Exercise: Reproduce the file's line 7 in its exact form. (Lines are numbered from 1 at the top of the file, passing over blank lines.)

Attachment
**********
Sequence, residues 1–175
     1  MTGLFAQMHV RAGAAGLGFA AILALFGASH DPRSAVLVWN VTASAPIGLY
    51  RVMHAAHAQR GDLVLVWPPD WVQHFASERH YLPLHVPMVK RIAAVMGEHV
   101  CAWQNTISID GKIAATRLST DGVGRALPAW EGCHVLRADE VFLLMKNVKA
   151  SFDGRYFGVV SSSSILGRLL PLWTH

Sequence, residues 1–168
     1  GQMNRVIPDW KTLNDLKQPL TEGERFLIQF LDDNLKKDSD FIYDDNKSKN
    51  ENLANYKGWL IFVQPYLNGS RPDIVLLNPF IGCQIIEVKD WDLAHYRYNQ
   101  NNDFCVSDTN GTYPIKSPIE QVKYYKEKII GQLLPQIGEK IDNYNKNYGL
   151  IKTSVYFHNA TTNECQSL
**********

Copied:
     1  GQMNRVIPDW KTLNDLKQPL TEGERFLIQF LDDNLKKDSD FIYDDNKSKN